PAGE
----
Palmer Luckey had a bad turn of events in 2016 when it was discovered he lied about posting anti-Clinton and was ostracized from the public for a time. The former Oculus CEO is now looking to make a return and is bringing an idea that could prove controversial.
New Means Of Defense
According to a report from the New York Times, Palmer Luckey is back working a new venture away from his VR roots at Oculus. Luckey is now self-funding and developing a new security tech being designed for deployment at military bases and borders. The tech will use infrared sensors, cameras, and lidar to catch anyone who is trespassing on anywhere this would be deployed. Lidar is short for light detection and ranging. It is a common piece of tech used in self-driving car programs.
As mentioned, the project is now being self-funded by Luckey; however, there has been an interest in the project. In the same report, Trump's tech advisor Peter Thiel has expressed interest in investing and funding the project via his investment company, Founders Fund.
Thiel isn't the only one in the Trump camp who has expressed interest in the project. It's believed Luckey met with Trump's chief strategist Stephen Bannon about the possibility of the tech being applied to the Mexican Border. Luckey also spoke with Secretary of the Interior Ryan Zinke back in April and reportedly spoke on a similar matter.
"We are spending more than ever on defense technology, yet the pace of innovation has been slowing for decades," Luckey wrote in an email to the New York Times. "We need a new kind of defense company, one that will save taxpayer dollars while creating superior technology to keep our troops and citizens safer," he added.
Not Shying Away From Controversy
Since the 2016 Presidential Election, Luckey seems to find himself involved, one way or another, with some sort of controversy. As mentioned, this all started with reports emerging that Luckey had been donating to a group spreading anti-Clinton materials online. This turned him into a pariah in the tech world, where anti-Trump sentiment is very high and he left Oculus as a result.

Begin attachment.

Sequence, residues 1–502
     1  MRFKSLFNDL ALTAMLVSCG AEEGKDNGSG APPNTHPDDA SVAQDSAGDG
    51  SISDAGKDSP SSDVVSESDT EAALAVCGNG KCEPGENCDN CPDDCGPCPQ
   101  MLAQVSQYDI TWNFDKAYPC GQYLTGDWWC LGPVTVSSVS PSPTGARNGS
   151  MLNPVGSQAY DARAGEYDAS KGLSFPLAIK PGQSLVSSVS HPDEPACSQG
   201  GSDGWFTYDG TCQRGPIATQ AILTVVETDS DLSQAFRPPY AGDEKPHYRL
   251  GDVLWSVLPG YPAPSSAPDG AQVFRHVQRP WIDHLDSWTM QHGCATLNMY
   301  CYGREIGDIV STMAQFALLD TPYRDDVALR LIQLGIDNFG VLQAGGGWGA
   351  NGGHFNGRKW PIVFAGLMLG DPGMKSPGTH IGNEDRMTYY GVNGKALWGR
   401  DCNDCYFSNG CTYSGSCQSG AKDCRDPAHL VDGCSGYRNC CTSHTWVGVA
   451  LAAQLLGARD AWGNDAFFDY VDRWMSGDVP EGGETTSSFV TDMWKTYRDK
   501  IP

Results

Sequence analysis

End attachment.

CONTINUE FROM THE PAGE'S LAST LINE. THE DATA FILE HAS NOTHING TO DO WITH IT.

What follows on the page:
Even his girlfriend, a well-known cosplayer, found herself in getting flak for supporting GamerGate. GameGate was an online movement that began in 2014 in response to personalities including Anita Sarkeesian, who called for more diversity and equality in the games industry. Some tried to rebrand the movement as a desire for unbiased, ethical reporting in games media but it was never enough to pull away from its sexist roots.
This latest venture by Luckey is bound to spark up more controversy for the young tech mogul again. Trump's wall has been a source of tension and division since he announced it as part of his platform during the Republican Primaries and the Presidential Election. The meetings Luckey has taken with Bannon and Zinke won't help him, and it's sure to make him one of the biggest targets of anti-Trump groups.
Kevin Billings Tech Times editor Kevin Billings is a born geek at heart. Whether it's video games, movies, tv, comics, or tech, you will likely find Kevin there. And he feels gratified in his passions now that geek culture has come to dominate mainstream pop culture.